One day after Ursula von der Leyen unveiled her European Green Deal, the EU commission president has already been dealt a setback after EU prime ministers failed to unanimously endorse the deal’s headline target of completely decarbonizing by 2050.
The European Council, made up of the leaders of the 28 EU countries, has been struggling to get a political endorsement of the target since June, when four Eastern European countries led by Poland refused to sign up.
Since then, Von der Leyen has offered the sceptical countries a ‘just transition fund’ that would mobilize up to €100 billion to help fossil-fuel-dependent countries transition to greener energy systems, and help find new work for people in coal mining regions. It was thought that this was enough to get everyone on board at today’s summit. But though Estonia, Hungary and Czechia have relented, Poland still refused to endorse the target in late-night, contentious discussions in the early hours of this morning.
This was the last chance to get a unanimous political backing of the target. Von der Leyen has said she will go ahead with a binding legislative proposal in three months, regardless of whether she has a unanimous political endorsement from the Council or not. Such a legislative proposal would only need a qualified majority to pass, and Poland could not veto it.
For this reason, the leaders decided to adopt conclusions endorsing the target, but noting that one country disagrees. “In the light of the latest available science and of the need to step up global climate action, the European Council endorses the objective of achieving a climate-neutral EU by 2050, in line with the objectives of the Paris Agreement,” the text states. “One Member State, at this stage, cannot commit to implement this objective as far as it is concerned, and the European Council will come back to this in June 2020.”
As they left for the night, leaders tried to put a brave face on the outcome. But the failure to get a unanimous endorsement is a worrying sign for the prospects of the EU green deal. “We’ve had intensive discussions today and can say that we can all commit to the goal of achieving climate neutrality by 2050,” German Chancellor Angela Merkel told reporters.
“One member state, Poland, couldn’t commit today on how to do the implementation, and so we decided to get back to the issue in June next year.”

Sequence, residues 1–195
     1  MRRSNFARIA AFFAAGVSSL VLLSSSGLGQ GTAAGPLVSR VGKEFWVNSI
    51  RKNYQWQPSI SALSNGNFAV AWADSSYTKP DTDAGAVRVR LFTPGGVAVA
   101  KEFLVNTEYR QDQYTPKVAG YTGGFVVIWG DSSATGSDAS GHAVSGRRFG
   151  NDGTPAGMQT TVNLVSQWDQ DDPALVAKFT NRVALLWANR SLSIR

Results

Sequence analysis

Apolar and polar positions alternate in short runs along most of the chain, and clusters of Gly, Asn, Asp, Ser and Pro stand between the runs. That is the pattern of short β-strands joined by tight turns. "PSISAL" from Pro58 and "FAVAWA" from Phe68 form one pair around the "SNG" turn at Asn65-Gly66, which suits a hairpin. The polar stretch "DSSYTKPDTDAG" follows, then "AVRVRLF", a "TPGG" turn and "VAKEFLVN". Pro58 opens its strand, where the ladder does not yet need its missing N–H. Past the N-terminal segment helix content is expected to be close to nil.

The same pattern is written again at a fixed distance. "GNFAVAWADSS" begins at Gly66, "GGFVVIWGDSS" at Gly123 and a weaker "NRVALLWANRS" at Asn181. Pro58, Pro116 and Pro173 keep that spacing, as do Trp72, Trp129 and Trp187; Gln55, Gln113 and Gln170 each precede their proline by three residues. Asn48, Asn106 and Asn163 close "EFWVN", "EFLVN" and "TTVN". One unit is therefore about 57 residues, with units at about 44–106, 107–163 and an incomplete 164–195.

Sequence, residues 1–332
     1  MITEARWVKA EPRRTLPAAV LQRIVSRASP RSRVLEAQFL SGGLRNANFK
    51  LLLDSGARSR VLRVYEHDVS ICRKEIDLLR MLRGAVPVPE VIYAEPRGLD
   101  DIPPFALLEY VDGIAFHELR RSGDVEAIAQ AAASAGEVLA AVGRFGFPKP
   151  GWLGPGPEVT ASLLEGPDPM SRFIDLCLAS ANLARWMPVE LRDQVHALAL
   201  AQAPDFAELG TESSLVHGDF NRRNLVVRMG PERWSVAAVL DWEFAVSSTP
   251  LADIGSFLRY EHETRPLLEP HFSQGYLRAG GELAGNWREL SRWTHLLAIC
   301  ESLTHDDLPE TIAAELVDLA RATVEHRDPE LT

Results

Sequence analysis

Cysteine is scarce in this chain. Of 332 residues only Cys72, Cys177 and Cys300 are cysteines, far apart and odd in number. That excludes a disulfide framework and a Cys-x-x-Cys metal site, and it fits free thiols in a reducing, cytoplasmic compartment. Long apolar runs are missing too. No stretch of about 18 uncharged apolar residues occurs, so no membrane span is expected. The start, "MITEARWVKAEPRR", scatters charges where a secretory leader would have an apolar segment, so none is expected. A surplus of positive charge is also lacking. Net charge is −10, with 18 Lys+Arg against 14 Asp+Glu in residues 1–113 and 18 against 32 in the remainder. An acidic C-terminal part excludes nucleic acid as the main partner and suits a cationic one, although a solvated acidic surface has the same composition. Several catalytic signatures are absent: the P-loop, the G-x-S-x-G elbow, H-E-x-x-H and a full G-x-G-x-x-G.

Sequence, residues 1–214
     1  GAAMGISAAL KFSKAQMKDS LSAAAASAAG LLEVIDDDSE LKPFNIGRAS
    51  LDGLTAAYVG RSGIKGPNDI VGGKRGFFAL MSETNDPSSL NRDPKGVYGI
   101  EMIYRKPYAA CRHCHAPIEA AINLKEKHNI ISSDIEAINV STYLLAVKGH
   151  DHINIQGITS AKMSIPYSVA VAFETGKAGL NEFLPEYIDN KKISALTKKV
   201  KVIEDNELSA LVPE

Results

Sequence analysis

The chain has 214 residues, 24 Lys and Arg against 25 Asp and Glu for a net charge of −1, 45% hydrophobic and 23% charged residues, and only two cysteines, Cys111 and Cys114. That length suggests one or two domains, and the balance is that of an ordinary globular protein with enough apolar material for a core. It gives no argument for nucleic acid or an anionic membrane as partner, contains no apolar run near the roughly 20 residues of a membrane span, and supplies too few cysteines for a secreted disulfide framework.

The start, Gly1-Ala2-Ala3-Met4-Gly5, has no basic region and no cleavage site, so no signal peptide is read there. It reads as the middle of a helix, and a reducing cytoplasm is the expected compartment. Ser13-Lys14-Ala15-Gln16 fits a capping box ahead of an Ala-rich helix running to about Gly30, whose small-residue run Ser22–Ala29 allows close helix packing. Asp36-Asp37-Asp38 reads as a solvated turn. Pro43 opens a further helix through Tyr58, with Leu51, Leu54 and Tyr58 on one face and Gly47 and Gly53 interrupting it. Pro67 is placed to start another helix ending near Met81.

“I am, given the circumstances, quite satisfied. There’s no division of Europe’s different parts, but rather one member state that still needs a bit of time to reflect on how this should be implemented. I think we have a good chance for good success.”
Poland loses money
As he left the summit, Polish Prime Minister Mateusz Morawiecki said he had secured an “exemption” to the target.
“The conclusions give us enormous flexibility,” he said, saying that Poland will not have to abide by the target but will still get “a very significant part” of the just transition fund. “We’ll reach it in our own pace,” he said. “We will be able to conduct the transformation in a way that’s safe and economically beneficial for Poland.”
However the reality is that if the legislative proposal is adopted by qualified majority next year, the target will apply to all EU countries whether Warsaw votes for it or not.
Poland’s veto is largely symbolic, but it has had the effect of angering other EU countries, who are now not minded to give Poland money from a fund that was intended to win their backing for the target.
“If it were up to me they won’t get a cent” of the fund, said one fuming EU official.
The Commission is expected to put forward a concrete proposal for the just transition fund the first week of January. Most of the money is expected to come from an existing budgetary line for cohesion funding over the next seven years, money intended to help the new EU countries who joined 15 years ago catch up with their Western and Northern neighbours economically.
A carbon-free continent
The leaders say they will return to the issue at the European Council summit in June of next year. But by that point, there will be little practical reason to try to win over Poland because it cannot veto a legislative proposal.
However, for big agenda items like this the EU prefers to get the political backing of all member states before going ahead, even though it is not technically needed. Historically Brussels is wary of being seen to be forcing national governments to undertake major commitments without their consent. Traditionally the Council should unanimously request a major item of legislation be proposed before the Commission proposes it.
The proposed target would get the EU to “net zero” emissions by 2050. This would mean that the bloc would reduce emissions to a very small amount, and whatever remains would be made up for by abatement measures such as planting forests to suck in carbon, or storing the carbon underground. The idea is that the EU would no longer be contributing any carbon emissions to the world.
The bloc has already set a target of reducing emissions by 40% by 2030. Von der Leyen’s Green Deal envisions a proposal, to be put forward next year, to raise this target to 50 or 55%. But this will also be fiercely resisted by Poland and other Eastern European countries.
The key question going forward is whether the bloc will abandon its usual preferences for political consensus and for Poland and other Eastern European member states to lower their emissions without their consent. The rules allow it, but political realities may not.